Interview with Amos Oz

The Jerusalem Post has published an interview with Amos Oz, the Israeli author and left-wing political activist. I don’t always agree with Oz– I think, for instance, he has too much faith in the so-called Geneva Accords— but as usual, he has a lot of thoughtful and interesting things to say.

On the idea of combining Israel and Palestine into a binational state:
I think the idea that two parties that have been warring for a hundred years should all of a sudden be pushed into a honeymoon bed together is insane. It’s as if someone had made Poland and Germany into one country in 1945.

A year ago, I was interviewed in Sweden by someone who was very enthusiastic about the idea of a binational or post-national state. He couldn’t understand why the Israelis and the Palestinians just couldn’t become one happy nation. I said to him, ‘I think the way the Scandinavian peninsula is divided is very strange – after all, the Swedes and Norwegians have the same church, have strong cultural ties, and have not fought a single war in over 200 years. Why don’t you become one country?’ His answer was unforgettable: ‘Clearly, you don’t know the Norwegians; if you knew them, you would never suggest this.’

Some people want to behave as if nationalism didn’t exist. I myself am not hugely enthusiastic about the idea of nation states. I wouldn’t complain if we had lived in a world where there were hundreds of civilizations and ten of thousands of local regimes and no nation-states. But I would be insane to suggest that the Jews be the first and only ones to pioneer the post-nationalist era, by giving up their nation-state.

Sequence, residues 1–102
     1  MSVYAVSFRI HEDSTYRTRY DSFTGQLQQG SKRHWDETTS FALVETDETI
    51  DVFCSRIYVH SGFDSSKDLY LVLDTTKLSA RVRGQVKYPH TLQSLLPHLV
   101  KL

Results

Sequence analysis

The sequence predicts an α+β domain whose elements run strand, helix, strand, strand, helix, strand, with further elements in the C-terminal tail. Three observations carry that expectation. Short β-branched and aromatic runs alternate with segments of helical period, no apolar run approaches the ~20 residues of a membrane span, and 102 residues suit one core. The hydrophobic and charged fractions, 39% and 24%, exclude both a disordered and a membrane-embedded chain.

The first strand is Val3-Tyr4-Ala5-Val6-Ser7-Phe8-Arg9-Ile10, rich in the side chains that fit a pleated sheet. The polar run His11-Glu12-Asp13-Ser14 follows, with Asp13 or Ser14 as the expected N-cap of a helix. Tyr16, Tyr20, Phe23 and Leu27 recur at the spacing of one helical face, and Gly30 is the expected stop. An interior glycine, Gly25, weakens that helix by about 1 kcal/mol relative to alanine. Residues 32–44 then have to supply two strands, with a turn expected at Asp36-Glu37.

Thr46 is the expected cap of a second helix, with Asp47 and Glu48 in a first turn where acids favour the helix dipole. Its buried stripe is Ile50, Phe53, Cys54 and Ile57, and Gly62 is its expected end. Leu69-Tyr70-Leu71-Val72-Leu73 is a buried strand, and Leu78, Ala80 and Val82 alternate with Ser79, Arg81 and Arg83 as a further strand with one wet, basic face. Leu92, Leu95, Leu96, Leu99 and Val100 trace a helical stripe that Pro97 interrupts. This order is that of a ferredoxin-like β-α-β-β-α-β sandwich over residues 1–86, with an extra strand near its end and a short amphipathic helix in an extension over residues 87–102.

On Zionism:
I regard myself as a critical Zionist. Zionism is a troubled family, and some of its members have trouble recognizing me as part of it, just as I have real trouble with certain other kinds of Zionists. Yet from the outset we had Communist Zionism, chauvinist Zionism, racist Zionism, sentimentalist Zionism, pragmatic Zionism.

On the post-9/11 world:
The war at stake is not between the Muslims and the rest of us, but between fanatics and the rest of us.

No one could have predicted that the 20th century would be immediately followed by the 11th. Blowing up abortion clinics in America differs from bin Laden in the range of the crime, but in its essence it’s the same crime. It means I will erase him who is unclean in my eyes.

The issue is that you cannot just chase fanatics with a big stick, and I’m not sure Americans understand this. They have the answer in their own history – The Marshall Plan, which was the single most generous act in human history as well as the best investment in the history of the US and of the world.

On Israel today:
Jerusalem is obviously much more haredi and militant, although in my childhood, too, it was full of redeemers and self-fashioned prophets. Nevertheless, two thirds of Israelis live on the coastal plain. They are noisy and angry and warmhearted, materialistic and hedonistic, a very Mediterranean society. Israel today is far removed from a socialist paradise, but also from aspirations to recreate the kingdom of David and Solomon or the life of the shtetl.

On his autobiographical book, A Tale of Love and Darkness (to be published in English this spring):
When I wrote this book, I imagined it would be read by very few readers – those from the same village or the same vintage as myself. Surprisingly, it was read by many people and evoked responses by people who felt a need to tell me their own life stories in return.

On the plane to Geneva, a well-known Israeli Arab told me that reading my book was the first time he understood why Jews came to this country.

I immediately wanted to have it translated into Arabic.